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Tutorial #8: Video Scissors

| No Comments | Published on June 5, 2008
The content that follows was originally published on the Don Havey website at http://donhavey.com/blog/tutorials/tutorial-8-video-scissors/

Angel with a beardAlright I’m back. Still got a couple of other projects going on that are sucking me away from the tutorials, but I figured that I should get at least one tutorial up this week to let everyone know that I’m still alive. As I mentioned, I’m going to dive into the topics of video capture and computer vision in Processing.

Today I’ll present three variations on a theme (it’s like This American Life!). Today’s theme: Mapping video on to irregular polygons. Or, as I like to put it, cutting out pieces of video as if you’re using scissors and paper.

Since these applets will all require a webcam, I’m not going to post them inline on the page. I’ll scatter some images about the page and point you towards the required classes (they’re after the jump today).

You’ll have to paste the thing into Processing to see live results. Note that you may need to configure the line that finds your webcam, although this should work for most situations:

//initialize camera
String[] cams = Capture.list();
//you may need to change which camera in the list it chooses below
cam2 = new Capture(this,w/2,h/2,cams[0],fr);

What you’ll learn

  • Filling a polygon with an image instead of a color.
  • Drawing polygons and removing them with a right-click.
  • Using an image’s pixels[] array.
  • A few other tips and tricks to working with video capture in Processing… like using two video streams simultaneously.


Here we go.

Video capture in Processing

Me punching myself so hard that all of my teeth flew out, obviouslyThe Capture class in Processing is an extension of the PImage class. It’s updated according to the frame rate you specify when you initiate the class (that’s what makes it, um, video), but it contains all of the properties and methods available to the PImage class, such as the pixels[] array, and it can be used exactly the same way that you use an image. For example, to display a video stream in our applet, we use the image() function.

The methods that the Capture class adds are pretty basic. We’ll be using the available() and read() functions. The available() function, as you’ve guessed, just returns a boolean of true when the Capture should be read and false when it shouldn’t. It helps smooth out discrepancies between your applet’s frame rate and the effective frame rate of the video by telling you when a new video frame is ready to be displayed.

The read() method can be thought of as an update function. It gets the current video frame. You’ll need to call it before rendering the video (using image() or any other method), and before accessing the pixels[] array for the video.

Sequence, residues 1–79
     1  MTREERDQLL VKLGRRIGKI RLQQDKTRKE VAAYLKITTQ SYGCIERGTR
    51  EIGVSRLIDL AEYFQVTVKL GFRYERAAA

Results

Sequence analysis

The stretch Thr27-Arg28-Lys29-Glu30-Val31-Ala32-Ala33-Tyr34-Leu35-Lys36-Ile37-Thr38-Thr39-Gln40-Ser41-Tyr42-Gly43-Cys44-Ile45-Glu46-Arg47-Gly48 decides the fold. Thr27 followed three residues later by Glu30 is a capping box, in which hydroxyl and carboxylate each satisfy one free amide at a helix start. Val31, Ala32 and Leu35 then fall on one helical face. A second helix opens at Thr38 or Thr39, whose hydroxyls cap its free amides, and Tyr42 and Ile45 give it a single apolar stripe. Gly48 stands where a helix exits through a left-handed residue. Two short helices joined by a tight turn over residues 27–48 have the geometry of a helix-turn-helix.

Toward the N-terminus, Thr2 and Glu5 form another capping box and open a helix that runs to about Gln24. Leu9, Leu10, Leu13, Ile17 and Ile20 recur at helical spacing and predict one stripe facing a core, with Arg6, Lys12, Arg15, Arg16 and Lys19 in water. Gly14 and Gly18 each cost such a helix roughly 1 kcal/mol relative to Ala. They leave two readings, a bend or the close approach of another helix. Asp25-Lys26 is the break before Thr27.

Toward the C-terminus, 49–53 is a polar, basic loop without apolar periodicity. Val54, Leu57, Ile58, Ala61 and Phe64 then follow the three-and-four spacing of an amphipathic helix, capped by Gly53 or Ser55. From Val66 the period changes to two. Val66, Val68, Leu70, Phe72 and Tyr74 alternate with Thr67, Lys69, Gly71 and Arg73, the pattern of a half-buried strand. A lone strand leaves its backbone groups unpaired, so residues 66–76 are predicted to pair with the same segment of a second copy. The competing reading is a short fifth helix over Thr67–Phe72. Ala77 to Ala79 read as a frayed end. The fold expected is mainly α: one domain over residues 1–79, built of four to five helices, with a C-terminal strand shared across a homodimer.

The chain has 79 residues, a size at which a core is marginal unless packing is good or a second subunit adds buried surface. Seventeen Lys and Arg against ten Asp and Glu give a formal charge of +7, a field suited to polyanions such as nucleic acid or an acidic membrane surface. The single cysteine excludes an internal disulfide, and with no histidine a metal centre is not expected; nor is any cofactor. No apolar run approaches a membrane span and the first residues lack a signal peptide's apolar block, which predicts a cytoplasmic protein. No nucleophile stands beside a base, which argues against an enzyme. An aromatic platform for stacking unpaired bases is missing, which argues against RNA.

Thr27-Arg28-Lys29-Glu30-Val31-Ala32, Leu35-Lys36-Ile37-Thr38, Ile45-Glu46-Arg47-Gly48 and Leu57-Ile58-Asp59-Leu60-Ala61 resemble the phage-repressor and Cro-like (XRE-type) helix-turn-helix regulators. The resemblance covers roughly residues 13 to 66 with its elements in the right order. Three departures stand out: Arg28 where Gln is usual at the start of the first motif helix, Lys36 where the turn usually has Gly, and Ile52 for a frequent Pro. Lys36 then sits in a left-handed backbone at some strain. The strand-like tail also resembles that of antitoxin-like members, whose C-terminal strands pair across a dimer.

So a basic call to our capture device looks like this:


Video performance

Me with parts of Angel's faceAs you know by now, I don’t come from a background in computer science. As such, I don’t know much (nor do I care to know much) about video drivers and the like. But I can tell you from experience that Processing is not the most efficient environment for video manipulation. No big surprise there, but specifically, I’ve found that it’s often faster to use two video capture devices – one set to hi-res for display and one at lo-res for computer vision calculations – trained on the same subject, than it is to try to work with a single hi-res source. I’ll show you the specific application I’m referring to in an upcoming applet, but until then, my rule of thumb for you is this: Avoid video pixel manipulation/calculation in Processing at all costs. Put the burden on your drivers wherever possible.

And feel free to refute me on this.

One modification to our Polygon class

Memphis can haz time delayed fragments?You’ll notice one change to the Polygon class that I introduced back in the Building Blocks tutorial. For this applet, I added another render() method that accepts an image as its only parameter, allowing us to texture map Polygons using Processing’s texture() method.

Since we used the texture() method, our vertex() function now requires two additional parameters that control which part of the image is mapped on to our Polygon. Pretty simple, since we’re just mapping an image at 1:1 (after scaling it to fit the screen).

If you want to displace or scale the mapped image, you could go ahead and choose whatever mapping coordinates you wanted, so long as they fall within the bounds of the image you’re mapping.

void render(PImage im){
  for(int i=0;i<npoints;i++){
    //note that we're scaling the mapping coordinates by 1/2
    //because our video resolution is only half of our applet size

Drawing Polygons

If I had 6 eyes I'd always be smiling all arrogantly like thisSo the driving element of this applet is the generation of Polygons from user input. We’ll just listen for a mousePressed() event, temporarily store points in an array, then create (and simplify) a Polygon based on those points once the mouse button is released. Of course the user will require feedback during the drawing process, so we’ll give them a temporary Polyline that shows the partial path they’ve drawn.